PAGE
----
Annual reports for patient and family advisory programs are important for documenting the impact of patient and family advisors and councils and for promoting sustainability of an advisory program. They should be comprehensive and record activities and accomplishments from the preceding year. Annual reports are intended to give organizational leaders and others information about the collaborative endeavors and their impact and to help them understand the future direction of an organization’s advisory program.

Leaders can set the expectation that a report will be submitted annually at a minimum. Coordinators for advisory programs can ensure that annual reports are shared with leaders, the organization, and the community. The report, if done well, can serve as an educational tool for leaders, health care professionals, and the community. It can also be useful in recruiting patient and family advisors. There is no one right way to develop the report but consider including the following in a report:

  • Number of patient and family advisors, as well as their roles, activities, and number of hours served. These hours can be equated to staff FTEs to show the impact that advisors have. Organizations, such as the Independent Sector, can help you calculate the value of volunteer advisors. Report the baseline number of advisors and growth over the year.
  • Number and role of patient and family advisory councils.
  • Number and type of clinical areas involving patient and family advisors.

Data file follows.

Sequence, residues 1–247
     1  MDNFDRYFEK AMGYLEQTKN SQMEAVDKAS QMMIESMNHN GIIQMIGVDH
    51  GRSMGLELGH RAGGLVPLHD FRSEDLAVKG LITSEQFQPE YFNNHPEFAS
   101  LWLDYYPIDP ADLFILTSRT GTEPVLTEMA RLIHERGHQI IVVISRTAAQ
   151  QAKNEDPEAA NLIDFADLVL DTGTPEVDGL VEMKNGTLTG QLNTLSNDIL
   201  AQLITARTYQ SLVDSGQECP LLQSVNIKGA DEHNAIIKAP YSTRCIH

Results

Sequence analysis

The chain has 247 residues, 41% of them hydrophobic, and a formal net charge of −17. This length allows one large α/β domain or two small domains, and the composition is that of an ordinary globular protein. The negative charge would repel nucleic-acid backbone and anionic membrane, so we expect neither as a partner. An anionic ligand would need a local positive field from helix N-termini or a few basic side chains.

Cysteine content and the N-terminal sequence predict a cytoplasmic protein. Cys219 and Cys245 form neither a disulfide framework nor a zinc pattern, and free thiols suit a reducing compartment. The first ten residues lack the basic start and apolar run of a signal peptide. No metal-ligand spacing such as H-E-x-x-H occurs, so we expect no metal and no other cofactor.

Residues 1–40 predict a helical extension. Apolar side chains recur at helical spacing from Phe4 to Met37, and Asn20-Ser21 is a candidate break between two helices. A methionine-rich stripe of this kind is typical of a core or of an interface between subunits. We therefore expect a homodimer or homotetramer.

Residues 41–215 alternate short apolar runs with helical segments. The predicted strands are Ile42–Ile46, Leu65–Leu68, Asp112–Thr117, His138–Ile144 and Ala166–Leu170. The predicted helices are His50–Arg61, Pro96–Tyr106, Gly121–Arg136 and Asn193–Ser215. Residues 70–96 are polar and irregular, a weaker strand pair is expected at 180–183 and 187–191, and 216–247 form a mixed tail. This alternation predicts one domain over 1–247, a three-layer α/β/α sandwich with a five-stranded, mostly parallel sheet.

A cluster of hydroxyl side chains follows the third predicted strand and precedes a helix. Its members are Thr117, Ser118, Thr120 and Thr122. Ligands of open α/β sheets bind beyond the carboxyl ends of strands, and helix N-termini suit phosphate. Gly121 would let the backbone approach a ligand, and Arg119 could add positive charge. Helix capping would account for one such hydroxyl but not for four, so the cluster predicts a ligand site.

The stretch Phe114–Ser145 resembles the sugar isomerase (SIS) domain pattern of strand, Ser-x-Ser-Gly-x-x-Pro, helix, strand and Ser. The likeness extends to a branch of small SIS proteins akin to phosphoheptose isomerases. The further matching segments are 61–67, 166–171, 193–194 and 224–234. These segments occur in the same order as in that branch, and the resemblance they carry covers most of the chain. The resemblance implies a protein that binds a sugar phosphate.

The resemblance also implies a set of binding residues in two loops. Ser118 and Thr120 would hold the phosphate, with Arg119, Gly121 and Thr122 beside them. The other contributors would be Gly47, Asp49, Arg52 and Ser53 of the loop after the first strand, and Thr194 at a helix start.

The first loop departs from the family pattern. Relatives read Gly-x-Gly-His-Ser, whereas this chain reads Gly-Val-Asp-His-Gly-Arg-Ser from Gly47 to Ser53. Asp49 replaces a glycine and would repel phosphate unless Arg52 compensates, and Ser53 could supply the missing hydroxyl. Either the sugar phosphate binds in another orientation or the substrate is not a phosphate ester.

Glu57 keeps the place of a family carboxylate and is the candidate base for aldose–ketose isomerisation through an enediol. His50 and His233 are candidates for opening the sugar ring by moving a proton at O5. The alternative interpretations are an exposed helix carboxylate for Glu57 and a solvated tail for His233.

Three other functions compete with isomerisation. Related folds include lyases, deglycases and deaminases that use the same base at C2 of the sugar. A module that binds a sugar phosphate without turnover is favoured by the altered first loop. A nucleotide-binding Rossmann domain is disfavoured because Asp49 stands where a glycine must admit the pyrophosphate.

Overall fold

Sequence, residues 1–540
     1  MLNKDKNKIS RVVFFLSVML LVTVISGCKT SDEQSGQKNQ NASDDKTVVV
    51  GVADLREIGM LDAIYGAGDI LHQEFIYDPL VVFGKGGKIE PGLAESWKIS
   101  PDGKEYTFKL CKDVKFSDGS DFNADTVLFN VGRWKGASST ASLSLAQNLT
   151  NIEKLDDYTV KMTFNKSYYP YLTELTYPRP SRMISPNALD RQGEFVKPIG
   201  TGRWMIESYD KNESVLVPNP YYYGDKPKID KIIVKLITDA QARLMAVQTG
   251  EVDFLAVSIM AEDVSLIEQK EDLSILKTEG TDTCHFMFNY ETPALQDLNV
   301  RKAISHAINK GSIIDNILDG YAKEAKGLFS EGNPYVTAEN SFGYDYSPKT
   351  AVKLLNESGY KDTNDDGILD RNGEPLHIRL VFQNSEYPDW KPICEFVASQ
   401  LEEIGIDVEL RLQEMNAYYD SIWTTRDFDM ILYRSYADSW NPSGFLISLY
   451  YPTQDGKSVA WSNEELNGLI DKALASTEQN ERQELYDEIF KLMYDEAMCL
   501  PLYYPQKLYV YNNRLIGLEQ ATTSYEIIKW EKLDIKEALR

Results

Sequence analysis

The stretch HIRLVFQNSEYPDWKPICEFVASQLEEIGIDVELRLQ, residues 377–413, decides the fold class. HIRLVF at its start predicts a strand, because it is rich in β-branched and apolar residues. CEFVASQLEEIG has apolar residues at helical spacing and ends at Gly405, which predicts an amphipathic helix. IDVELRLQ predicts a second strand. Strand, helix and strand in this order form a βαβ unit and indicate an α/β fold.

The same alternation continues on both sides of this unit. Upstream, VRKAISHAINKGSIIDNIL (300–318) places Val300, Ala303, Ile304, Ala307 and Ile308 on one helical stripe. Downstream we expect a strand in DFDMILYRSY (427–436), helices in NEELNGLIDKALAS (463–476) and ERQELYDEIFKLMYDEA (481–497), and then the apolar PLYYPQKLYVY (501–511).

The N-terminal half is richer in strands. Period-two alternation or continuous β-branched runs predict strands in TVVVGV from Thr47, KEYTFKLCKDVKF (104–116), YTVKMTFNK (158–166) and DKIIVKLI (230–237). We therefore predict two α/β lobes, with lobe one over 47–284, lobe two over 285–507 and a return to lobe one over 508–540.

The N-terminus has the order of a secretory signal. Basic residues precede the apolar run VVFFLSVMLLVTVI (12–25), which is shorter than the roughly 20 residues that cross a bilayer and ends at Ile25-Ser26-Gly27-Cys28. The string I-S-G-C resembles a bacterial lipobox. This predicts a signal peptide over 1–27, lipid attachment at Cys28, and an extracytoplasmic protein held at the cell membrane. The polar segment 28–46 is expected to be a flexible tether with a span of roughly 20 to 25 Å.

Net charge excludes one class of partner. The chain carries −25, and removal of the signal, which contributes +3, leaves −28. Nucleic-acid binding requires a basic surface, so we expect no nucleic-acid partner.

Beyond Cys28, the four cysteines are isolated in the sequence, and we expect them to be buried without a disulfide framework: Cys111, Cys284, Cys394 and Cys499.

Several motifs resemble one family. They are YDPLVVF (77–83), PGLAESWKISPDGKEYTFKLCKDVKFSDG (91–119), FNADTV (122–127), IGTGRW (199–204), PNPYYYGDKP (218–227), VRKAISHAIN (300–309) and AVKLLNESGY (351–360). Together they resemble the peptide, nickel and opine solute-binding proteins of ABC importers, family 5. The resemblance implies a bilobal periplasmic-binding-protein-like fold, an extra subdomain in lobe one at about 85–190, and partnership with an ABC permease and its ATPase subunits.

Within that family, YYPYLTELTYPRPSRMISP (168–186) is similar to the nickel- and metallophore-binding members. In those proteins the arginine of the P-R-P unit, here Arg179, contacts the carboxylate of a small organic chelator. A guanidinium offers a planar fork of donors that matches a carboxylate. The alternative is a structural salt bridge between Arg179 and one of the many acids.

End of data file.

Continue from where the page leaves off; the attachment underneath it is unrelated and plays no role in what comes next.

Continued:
• Number of staff involved in collaborative endeavors, and their disciplines and departments.
  • Names of committees, task forces, and quality improvement teams where patients and families serve as advisors or in leadership positions (include number of advisors for each workgroup).
  • Issues identified and how they were addressed, products/materials developed, classes taught, peer support programs coordinated, and other activities. Describe issues, materials, activities, and outcomes (when available). Include any data on financial savings as a result of changes made.
  • Listing of all the tangible products/materials/programs developed collaboratively.
  • Photographs (or scans) or videos of products/materials, activities, changes in processes or physical spaces to illustrate the story of collaboration.
  • Meetings held with community leaders, government agencies, potential funders, accreditors, and others.
  • Summary evaluations of classes for patients, families, students, staff, physicians, and new employees. Also include:
    • Number that participated in classes.
    • Summary of evaluations.
    • Quotes or short testimonials from participants in the classes.
    • Summary of stories that they shared.
  • Media activities where advisors are featured, including internal publications, as well as community, state, or national features.
Partnering with Patients, Residents, and Families: A Resource for Leaders of Hospitals, Ambulatory Care Settings, and Long-Term Care Communities cover

Adapted from Partnering with Patients, Residents, and Families: A Resource for Leaders of Hospitals, Ambulatory Care Settings, and Long-Term Care Communities